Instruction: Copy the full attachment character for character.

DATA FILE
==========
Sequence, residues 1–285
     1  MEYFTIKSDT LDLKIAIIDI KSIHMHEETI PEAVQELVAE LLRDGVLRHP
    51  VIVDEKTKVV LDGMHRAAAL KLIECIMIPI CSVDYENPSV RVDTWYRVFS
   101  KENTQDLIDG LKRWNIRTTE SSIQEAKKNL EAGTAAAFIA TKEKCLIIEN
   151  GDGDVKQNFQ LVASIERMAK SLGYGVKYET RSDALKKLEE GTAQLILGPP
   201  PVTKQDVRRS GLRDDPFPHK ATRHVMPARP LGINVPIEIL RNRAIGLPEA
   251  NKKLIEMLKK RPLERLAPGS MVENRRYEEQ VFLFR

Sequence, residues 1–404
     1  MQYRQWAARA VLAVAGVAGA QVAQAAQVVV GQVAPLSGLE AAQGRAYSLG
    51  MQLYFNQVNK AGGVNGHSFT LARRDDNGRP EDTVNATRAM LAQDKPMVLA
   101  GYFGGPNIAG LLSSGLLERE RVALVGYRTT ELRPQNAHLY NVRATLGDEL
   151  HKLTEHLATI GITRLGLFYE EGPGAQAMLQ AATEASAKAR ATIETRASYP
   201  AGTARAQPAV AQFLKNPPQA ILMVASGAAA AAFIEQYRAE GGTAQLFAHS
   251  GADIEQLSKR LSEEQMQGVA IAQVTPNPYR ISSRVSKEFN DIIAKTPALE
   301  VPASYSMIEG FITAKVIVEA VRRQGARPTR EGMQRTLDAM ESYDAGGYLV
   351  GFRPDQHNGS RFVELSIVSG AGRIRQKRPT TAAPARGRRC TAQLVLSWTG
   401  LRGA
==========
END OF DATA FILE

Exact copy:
Sequence, residues 1–285
     1  MEYFTIKSDT LDLKIAIIDI KSIHMHEETI PEAVQELVAE LLRDGVLRHP
    51  VIVDEKTKVV LDGMHRAAAL KLIECIMIPI CSVDYENPSV RVDTWYRVFS
   101  KENTQDLIDG LKRWNIRTTE SSIQEAKKNL EAGTAAAFIA TKEKCLIIEN
   151  GDGDVKQNFQ LVASIERMAK SLGYGVKYET RSDALKKLEE GTAQLILGPP
   201  PVTKQDVRRS GLRDDPFPHK ATRHVMPARP LGINVPIEIL RNRAIGLPEA
   251  NKKLIEMLKK RPLERLAPGS MVENRRYEEQ VFLFR

Sequence, residues 1–404
     1  MQYRQWAARA VLAVAGVAGA QVAQAAQVVV GQVAPLSGLE AAQGRAYSLG
    51  MQLYFNQVNK AGGVNGHSFT LARRDDNGRP EDTVNATRAM LAQDKPMVLA
   101  GYFGGPNIAG LLSSGLLERE RVALVGYRTT ELRPQNAHLY NVRATLGDEL
   151  HKLTEHLATI GITRLGLFYE EGPGAQAMLQ AATEASAKAR ATIETRASYP
   201  AGTARAQPAV AQFLKNPPQA ILMVASGAAA AAFIEQYRAE GGTAQLFAHS
   251  GADIEQLSKR LSEEQMQGVA IAQVTPNPYR ISSRVSKEFN DIIAKTPALE
   301  VPASYSMIEG FITAKVIVEA VRRQGARPTR EGMQRTLDAM ESYDAGGYLV
   351  GFRPDQHNGS RFVELSIVSG AGRIRQKRPT TAAPARGRRC TAQLVLSWTG
   401  LRGA